Justice Department Seeks to Bar New York Attorney from Using Employment Taxes as Working Capital
Government Suit Alleges Revenue Loss from Pyramiding of Employment and Unemployment Taxes Exceeds $1 Million
WASHINGTON - The United States has filed a lawsuit against New York attorney Thomas B. Pruzan, d/b/a the Pruzan Law Firm, seeking to put an end to Mr. Pruzan’s repeated failure to timely deposit and pay the employment and unemployment taxes due from his law firm, as well as his failure to timely file employment and unemployment tax returns with the Internal Revenue Service.
The government complaint alleges that since the quarter ended September, 30, 1997, Mr. Pruzan has deliberately failed to make current employment tax deposits, and has, instead, used those funds as working capital, a practice referred to as "pyramiding." The complaint further alleges that Mr. Pruzan’s noncompliance with his federal tax obligations has resulted in a balance due to the government of more than one million dollars.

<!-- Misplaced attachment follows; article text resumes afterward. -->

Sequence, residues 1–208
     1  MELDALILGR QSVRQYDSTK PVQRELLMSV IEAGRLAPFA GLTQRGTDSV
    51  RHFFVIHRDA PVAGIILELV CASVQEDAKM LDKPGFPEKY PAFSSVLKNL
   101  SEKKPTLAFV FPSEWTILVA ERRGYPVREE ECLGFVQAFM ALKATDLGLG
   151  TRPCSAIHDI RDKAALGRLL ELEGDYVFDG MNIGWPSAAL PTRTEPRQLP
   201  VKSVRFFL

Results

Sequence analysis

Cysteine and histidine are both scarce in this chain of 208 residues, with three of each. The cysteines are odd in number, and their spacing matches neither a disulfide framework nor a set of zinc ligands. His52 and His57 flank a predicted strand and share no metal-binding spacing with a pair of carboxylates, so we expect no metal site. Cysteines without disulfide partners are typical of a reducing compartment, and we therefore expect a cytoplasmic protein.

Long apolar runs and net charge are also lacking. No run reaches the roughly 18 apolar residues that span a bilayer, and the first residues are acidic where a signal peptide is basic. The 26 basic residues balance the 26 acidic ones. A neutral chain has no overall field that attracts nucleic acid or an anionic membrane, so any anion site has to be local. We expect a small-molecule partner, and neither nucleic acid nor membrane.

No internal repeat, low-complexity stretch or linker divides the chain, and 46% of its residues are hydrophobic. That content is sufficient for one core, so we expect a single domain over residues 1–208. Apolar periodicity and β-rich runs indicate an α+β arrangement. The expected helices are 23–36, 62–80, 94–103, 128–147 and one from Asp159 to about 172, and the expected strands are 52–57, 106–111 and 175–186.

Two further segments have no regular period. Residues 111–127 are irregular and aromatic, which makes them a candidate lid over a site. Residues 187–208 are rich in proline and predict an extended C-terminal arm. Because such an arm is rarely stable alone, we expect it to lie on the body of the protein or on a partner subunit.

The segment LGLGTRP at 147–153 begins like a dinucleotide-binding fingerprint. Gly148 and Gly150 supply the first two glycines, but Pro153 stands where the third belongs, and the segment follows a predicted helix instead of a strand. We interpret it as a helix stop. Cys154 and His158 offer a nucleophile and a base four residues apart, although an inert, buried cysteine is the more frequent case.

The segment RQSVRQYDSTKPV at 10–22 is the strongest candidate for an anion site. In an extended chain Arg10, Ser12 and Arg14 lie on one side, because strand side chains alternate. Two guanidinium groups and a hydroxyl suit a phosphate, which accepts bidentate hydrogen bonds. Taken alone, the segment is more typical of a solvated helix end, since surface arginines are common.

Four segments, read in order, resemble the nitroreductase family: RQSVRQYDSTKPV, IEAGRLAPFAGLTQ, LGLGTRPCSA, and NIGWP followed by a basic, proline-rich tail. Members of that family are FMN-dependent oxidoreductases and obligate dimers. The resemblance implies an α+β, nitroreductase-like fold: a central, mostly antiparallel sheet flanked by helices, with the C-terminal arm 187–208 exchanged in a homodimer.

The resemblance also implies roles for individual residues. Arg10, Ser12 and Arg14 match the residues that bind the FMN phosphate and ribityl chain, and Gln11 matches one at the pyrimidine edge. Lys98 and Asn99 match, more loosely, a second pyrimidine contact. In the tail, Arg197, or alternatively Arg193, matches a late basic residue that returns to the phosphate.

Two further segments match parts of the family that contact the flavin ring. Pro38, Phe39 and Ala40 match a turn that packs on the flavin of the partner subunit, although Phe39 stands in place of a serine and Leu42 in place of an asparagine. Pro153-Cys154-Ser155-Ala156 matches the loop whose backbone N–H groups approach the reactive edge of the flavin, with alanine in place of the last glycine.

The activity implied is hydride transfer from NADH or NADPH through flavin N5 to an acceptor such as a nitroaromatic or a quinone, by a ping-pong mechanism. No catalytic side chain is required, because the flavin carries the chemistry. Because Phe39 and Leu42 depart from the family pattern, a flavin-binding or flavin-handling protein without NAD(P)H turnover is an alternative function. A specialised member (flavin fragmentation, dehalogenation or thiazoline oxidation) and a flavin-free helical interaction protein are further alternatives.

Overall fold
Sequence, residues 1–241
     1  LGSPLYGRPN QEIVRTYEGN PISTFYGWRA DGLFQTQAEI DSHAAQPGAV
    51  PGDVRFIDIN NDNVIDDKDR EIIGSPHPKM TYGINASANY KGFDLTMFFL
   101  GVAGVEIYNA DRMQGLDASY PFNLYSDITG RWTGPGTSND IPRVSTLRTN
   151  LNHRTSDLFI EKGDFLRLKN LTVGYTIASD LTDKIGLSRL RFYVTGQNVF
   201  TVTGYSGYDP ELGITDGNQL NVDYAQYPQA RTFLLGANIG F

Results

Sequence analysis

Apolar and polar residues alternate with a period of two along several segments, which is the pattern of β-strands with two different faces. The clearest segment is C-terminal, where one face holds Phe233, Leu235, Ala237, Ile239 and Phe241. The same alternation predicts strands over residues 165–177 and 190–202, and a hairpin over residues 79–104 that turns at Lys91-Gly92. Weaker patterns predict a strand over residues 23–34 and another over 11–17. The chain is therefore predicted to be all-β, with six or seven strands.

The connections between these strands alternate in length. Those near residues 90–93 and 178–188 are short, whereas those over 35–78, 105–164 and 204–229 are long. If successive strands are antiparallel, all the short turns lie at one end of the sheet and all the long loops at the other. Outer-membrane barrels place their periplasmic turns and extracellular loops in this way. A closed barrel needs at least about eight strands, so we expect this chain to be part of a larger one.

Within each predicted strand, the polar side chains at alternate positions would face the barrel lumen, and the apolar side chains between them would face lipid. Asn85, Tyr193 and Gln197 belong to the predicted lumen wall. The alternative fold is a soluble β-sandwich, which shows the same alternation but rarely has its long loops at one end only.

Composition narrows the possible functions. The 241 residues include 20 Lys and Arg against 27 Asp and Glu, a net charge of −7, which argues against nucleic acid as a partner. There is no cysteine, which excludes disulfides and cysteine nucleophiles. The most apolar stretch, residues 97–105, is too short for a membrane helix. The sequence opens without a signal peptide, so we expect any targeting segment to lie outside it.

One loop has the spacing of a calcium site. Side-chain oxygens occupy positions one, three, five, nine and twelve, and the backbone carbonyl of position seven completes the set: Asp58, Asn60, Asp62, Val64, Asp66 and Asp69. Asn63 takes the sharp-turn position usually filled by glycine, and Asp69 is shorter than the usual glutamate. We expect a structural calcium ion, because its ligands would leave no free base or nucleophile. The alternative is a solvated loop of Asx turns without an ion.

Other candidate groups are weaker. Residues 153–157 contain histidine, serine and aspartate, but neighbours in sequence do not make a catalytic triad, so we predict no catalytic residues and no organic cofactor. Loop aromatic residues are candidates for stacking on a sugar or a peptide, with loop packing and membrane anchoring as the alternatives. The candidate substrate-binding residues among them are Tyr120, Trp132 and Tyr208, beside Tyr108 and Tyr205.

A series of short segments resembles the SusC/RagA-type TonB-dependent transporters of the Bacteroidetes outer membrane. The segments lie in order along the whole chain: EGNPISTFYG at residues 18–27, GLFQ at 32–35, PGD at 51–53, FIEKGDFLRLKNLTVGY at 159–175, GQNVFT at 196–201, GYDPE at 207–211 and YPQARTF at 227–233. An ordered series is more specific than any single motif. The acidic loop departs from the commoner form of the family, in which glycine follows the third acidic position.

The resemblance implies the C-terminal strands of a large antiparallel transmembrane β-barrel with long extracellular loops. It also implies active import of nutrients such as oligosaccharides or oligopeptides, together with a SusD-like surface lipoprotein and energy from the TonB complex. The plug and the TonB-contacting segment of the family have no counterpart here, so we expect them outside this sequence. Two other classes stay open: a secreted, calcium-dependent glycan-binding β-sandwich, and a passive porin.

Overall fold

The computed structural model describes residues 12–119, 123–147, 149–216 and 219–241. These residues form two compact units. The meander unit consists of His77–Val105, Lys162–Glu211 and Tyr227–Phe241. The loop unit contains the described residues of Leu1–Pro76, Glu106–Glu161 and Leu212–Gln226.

According to the complaint, despite the Internal Revenue Service’s best efforts over the past five years, Mr. Pruzan has made very minimal payments of his tax debt, and all attempts to induce compliance have failed. Accordingly, the complaint seeks an injunction requiring Mr. Pruzan to, among other things, timely deposit and pay his employment and unemployment taxes, and timely file all employment and unemployment tax returns with the IRS.
Since 2001, the Justice Department’s Tax Division has obtained more than 385 injunctions to stop the promotion of tax fraud schemes and the preparation of fraudulent returns. Information about these cases is available on the Justice Department website.